In June 1996, staff at the Regional Center of the East Bay followed suit. In a blunt letter delivered to the center's board of directors, about 70 social workers declared that they had lost confidence in Director Munn:
"Whether we are looking at gross fiscal mismanagement of individual consumer and agency funds, deteriorating conditions for the ... staff of the agency, or the massive disruption
Caused by the reorganization (of the agency), the result is the same: Consumers will not receive the quality of service that they deserve."
At North Bay Regional Center in Napa and at the Tri-Counties Regional Center in Carpinteria, near Santa Barbara, staffers have threatened to strike.
At the Orange County regional center, tensions escalated this spring when a union organizer was fired from her case-manager job. When workers called a strike for mid-July, parents groups and disabled-service operators promised to join them on the picket lines. Just days before the walkout, a contract agreement was reached.
The conflicts have a common theme: Huge caseloads and forced furloughs leave many social workers feeling that they don't have enough time to take care of their clients and to closely monitor their homes and programs. Frustration, low pay and long hours lead to turnover, which leads to a diminished quality of care.
At Orange County, about 60 experienced social workers have left the agency in the past two years -- and many of the replacements have been entry-level workers who are sometimes paid less than $25,000 a year.
"When you burn out, you're just going through the motions, or you quit," says Rhone, the East Bay union official. "It's a sad statement to make, but it's what happens when people become disillusioned."
And when they quit, Rhone says, 70 or 80 families may go unattended for more than a month before a new case manager takes over. An inexperienced case manager may be overwhelmed.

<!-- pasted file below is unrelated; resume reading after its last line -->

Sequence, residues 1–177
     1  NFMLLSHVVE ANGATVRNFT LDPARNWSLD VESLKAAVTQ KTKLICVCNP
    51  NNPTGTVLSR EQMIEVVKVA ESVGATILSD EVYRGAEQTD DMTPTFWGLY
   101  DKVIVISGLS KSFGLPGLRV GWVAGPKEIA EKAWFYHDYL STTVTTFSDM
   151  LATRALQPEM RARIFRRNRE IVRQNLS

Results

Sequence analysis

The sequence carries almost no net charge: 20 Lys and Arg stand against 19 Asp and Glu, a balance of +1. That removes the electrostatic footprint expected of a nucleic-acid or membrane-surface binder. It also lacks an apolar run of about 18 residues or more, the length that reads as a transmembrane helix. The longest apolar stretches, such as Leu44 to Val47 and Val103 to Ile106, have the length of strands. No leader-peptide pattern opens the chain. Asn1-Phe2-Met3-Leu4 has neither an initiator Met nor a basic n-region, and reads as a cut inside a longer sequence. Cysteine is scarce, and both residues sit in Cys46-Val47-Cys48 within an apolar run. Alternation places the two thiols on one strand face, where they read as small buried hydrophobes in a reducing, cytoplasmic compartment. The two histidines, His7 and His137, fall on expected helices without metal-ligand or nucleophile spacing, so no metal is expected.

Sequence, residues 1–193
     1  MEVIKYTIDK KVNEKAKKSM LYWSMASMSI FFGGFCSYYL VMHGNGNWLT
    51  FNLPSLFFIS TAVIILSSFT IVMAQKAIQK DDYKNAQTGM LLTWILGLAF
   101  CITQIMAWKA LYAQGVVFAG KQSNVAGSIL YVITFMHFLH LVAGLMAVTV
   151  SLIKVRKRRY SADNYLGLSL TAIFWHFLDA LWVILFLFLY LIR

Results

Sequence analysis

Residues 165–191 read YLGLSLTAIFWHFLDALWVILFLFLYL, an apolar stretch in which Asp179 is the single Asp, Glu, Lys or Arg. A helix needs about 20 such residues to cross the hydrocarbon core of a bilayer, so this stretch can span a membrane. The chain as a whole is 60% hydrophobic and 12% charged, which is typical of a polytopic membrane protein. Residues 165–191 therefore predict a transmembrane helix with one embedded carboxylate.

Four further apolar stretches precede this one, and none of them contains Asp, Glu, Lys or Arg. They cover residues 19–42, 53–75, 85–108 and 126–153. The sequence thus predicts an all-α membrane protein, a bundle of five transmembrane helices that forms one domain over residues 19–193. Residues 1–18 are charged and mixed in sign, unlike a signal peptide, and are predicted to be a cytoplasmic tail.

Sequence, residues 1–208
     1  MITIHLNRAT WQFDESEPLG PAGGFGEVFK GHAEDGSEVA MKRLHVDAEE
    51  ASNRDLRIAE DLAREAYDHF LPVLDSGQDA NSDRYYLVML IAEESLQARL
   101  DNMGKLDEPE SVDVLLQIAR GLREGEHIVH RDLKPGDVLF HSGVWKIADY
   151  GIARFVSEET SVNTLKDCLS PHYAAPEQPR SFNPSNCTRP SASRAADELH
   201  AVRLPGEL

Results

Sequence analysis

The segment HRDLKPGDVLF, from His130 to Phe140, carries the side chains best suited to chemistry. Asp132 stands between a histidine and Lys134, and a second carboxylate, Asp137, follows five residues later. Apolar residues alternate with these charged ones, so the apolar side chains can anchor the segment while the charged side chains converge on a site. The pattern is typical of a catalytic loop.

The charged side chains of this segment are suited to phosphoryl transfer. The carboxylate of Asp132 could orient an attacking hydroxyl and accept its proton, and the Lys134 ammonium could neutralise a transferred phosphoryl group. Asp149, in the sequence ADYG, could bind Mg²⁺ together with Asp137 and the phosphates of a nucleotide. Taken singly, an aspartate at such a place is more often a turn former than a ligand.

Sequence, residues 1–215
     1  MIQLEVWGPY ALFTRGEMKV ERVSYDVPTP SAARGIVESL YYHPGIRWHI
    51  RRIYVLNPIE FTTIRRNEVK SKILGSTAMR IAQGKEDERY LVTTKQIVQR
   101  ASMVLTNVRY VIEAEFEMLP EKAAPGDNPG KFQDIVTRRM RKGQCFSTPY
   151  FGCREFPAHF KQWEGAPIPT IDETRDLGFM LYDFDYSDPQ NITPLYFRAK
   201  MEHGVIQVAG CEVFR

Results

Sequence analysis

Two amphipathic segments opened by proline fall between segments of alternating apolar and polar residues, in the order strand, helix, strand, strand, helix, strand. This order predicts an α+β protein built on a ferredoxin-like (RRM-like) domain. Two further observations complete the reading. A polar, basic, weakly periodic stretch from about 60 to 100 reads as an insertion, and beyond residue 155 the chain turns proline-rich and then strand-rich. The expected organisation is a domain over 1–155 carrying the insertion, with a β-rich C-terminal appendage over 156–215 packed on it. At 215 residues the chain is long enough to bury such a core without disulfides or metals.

"It's nuts," Rhone says. "The whole system is nuts."
Ultimately, critics say, the price for such disarray is paid by the disabled. Many regional centers have tried to ease financial pressures by delaying crucial services to the disabled, or by denying them altogether.
As early as 1991, Amundson's department heard such complaints from families at San Andreas Regional Center, which provides services to 6,500 clients in Monterey, San Benito, Santa Cruz and Santa Clara counties.
The department warned the center that year that it was not providing adequate care to clients. Still, the problems continued.
In 1995, a local oversight panel detailed dozens of cases in which San Andreas had delayed services, arbitrarily denied them and obstructed families' efforts to appeal. Only then did Amundson intervene forcefully. First he threatened to end the state's contract with the agency. When San Andreas' executive director resigned under pressure, Amundson dispatched a state team to run the center until it stabilized.
Today, the San Andreas center's performance is much improved. But those who deal with the center say that some families still run into arbitrary delays and denials. Similar problems are reported statewide by parents, therapists and educators.
When South Central Los Angeles Regional Center racked up deficits of several hundred thousand dollars from 1992 to 1995, it shut down for weeks at a time and slashed payments to providers.